by Keren Setton
JERUSALEM, May 24 (Xinhua) -- U.S. President Donald Trump ended a short visit to Israel and the Palestinian territories on Tuesday, leaving several question unanswered regarding American policy in the region.
The issues discussed included the Israeli-Palestinian conflict, the Iranian nuclear deal as well as the Syrian war.
However, the outcome of talks between Trump and both Israeli Prime Minister Benjamin Netanyahu and Palestinian President Mahmoud Abbas remains a mystery.
Trump was warmly welcomed in both Jerusalem and Bethlehem.
Nonetheless, behind the statements and photo-ops, as Air Force 1 left Tel Aviv's Ben Gurion airport, it was still unclear whether things will actually change on the ground.
In his keynote speech just before his departure, the American leader emphasized his support for Israel, neglecting to mention certain recent prevailing catch phrases.
As for Netanyahu, this comfortable speech guaranteed his political stability.
There was no demand from Israel to facilitate the establishment of an independent Palestinian state and no mention of curtailing settlement construction.
If the head of the Israeli coalition government will not be forced to take painstaking measures to resume negotiations with the Palestinians, he guaranteed his government's longevity.
On the other hand, Trump's campaign promises made prior to his election also vanished.
There was no mention of the highly controversial pledge to move the American embassy to Jerusalem.
In fact, no explicit recognition was mentioned of Israel's sovereignty over both sides of the city - an Israeli desire not shared by the majority of the international community.
Dr. Ronen Zeidel, a Middle Eastern affairs expert from the University of Haifa, says Israelis continuously make mistakes.
"Israelis do not understand that an election candidate is not a president - it is not the same person even if he has the same name."
In the immediate aftermath of the speech, right-wing members of Netanyahu's government chose to ignore Trump's Jerusalem omission and focused instead on his blind spot regarding the two-state solution.
Naftali Bennett, Netanyahu's senior coalition partner, leads the Jewish Home party.
While shaking Trump's hands at the welcome ceremony, the right-wing education minister reportedly asked the U.S. president to recognize Jerusalem as Israel's undivided capital.
"If Trump was serious, it is only a matter of time before Israeli Prime Minister Netanyahu clashes with his coalition partner, Bennett," said Yaki Dayan, a former Israeli consul general in Los Angeles.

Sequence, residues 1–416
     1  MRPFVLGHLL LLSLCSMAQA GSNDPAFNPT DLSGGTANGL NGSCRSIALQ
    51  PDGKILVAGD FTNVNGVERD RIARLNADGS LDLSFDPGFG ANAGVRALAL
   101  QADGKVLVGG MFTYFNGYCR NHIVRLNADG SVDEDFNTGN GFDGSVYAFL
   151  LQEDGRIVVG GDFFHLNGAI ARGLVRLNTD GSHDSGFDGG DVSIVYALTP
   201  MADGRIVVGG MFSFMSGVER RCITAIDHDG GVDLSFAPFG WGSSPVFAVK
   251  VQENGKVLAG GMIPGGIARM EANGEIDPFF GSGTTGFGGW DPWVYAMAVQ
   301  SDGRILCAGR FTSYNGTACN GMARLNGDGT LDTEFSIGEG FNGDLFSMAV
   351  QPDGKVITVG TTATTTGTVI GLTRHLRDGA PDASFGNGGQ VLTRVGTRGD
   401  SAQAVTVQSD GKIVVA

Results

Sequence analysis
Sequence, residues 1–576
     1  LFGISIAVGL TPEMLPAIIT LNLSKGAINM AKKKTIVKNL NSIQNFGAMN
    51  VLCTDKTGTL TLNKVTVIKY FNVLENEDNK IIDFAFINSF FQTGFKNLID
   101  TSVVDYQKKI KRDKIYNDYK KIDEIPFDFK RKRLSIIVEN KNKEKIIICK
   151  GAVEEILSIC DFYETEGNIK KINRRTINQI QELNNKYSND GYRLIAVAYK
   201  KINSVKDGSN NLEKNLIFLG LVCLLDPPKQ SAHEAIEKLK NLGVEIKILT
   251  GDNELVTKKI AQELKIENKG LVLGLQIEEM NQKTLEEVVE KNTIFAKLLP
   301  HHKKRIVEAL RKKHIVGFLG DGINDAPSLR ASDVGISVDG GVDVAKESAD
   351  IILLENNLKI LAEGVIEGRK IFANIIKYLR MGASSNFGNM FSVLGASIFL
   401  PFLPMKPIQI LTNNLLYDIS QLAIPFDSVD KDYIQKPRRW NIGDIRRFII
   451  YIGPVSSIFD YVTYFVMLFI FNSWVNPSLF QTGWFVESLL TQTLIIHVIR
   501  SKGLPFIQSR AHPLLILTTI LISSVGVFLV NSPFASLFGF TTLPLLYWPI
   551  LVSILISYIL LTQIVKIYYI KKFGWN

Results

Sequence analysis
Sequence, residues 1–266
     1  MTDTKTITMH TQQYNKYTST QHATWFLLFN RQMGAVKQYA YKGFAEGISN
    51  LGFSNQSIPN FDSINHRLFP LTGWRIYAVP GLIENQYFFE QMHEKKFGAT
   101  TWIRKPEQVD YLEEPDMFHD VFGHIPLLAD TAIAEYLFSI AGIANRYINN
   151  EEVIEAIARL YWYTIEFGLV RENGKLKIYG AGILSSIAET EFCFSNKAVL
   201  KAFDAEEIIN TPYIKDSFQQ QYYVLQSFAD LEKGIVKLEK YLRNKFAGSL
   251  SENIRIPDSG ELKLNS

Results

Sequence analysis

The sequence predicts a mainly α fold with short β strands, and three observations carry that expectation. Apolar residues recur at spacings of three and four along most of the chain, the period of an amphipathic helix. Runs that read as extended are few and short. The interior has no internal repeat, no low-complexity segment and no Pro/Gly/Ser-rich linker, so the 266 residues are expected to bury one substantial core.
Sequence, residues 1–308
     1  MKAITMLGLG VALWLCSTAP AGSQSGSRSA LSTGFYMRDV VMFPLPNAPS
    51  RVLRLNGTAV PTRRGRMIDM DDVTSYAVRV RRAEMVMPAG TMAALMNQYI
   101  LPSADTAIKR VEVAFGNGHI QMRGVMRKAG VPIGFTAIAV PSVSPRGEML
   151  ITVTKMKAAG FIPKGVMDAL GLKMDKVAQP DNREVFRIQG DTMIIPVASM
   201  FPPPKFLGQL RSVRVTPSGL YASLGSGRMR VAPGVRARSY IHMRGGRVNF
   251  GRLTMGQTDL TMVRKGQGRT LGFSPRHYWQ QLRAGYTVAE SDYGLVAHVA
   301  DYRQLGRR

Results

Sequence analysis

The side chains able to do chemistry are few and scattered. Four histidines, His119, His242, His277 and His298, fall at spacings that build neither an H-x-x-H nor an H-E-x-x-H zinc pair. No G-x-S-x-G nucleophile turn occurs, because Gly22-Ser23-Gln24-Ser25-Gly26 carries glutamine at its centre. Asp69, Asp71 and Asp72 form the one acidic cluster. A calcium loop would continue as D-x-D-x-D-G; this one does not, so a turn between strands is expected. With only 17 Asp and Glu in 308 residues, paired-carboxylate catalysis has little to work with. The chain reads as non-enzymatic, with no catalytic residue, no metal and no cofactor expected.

Hours after landing in Israel, Trump made a historic visit to the Western Wall in Jerusalem's old city.
Israel's control over that part of the city has not been internationally recognized since it was captured by Israel during the 1967 war.
Trump's visit to the old city, donning the traditional Jewish skullcap, resting his hand on the wall in prayer, can be interpreted by some as a de-facto recognition of Israeli sovereignty.
It was the first time for a sitting U.S. President to visit the site. And yet, Palestinians consider East Jerusalem as their future state's capital city.
Ambassador Ron Prosor, Israel's former envoy to the United Nations (UN) today heads the Abba Eban institute of International Diplomacy at the Interdisciplinary Center Herzliya.
He also attaches great importance to Trump's Western Wall visit.
"Symbolism is important, (but) it goes beyond symbolism. It shows the bond. It sends the message that there is no gap between Israel and the United States," says Prosor.
The morning following Trump's departure, several Arab media reports stated that he was expected to announce a new peace plan involving separate deals on core issues.
There have been no official confirmations of this report as yet.
In reality, Israeli channel 10 began their morning newscast by saying "Israel still does not understand what will be the American administration's next step."
"Netanyahu has no interest in shaking things up. Israel has never been in a better geopolitical position," says Dr. Zeidel, adding that the odds are slim for renewing the stalled Israeli-Palestinian peace process.
Zeidel thinks this is where the interests of both the Israeli and American leaders converge.
Trump "will not do anything. He will not put too much pressure; he will not intervene. His real interests are elsewhere."
Ahead of the visit, the Israeli cabinet approved a series of confidence-building measures towards Palestinians intending to pacify the Trump administration.
The package included economic steps aiming to improve Palestinian lives of West Bank and Gaza Strip residents.
"Aside from this, Netanyahu will not be required to take further steps in the short term," believes Dayan.
Several members of Netanyahu's government believe that Israel currently has received the green light to increase settlement construction.
While international law considers Israeli West Bank settlements illegal, the issue seems to have been suspended during the visit, whereas it held center stage in the past.
Freezing settlement construction was a Palestinian precondition to resuming negotiations with Israelis.
This is an issue on which both administrations may clash in the future, but for now it seems a honeymoon period exists between the two.
Netanyahu will have a difficult time disregarding Trump as he did his predecessor U.S. President Barack Obama.
The positive relationship between the two may eventually harm Netanyahu's political survival.
"Israel has to secure its borders and ensure that Jerusalem remains its eternal capital," says Ambassador Prosor.
This may ultimately lead to a faceoff between the White House and Netanyahu.
And yet, the main obstacles toward peace between Israelis and Palestinians still exist.
The change is perhaps in Trump's new attitude, his lack of attention to detail but enthusiasm to strike a deal.
For now, however, several questions remain unanswered.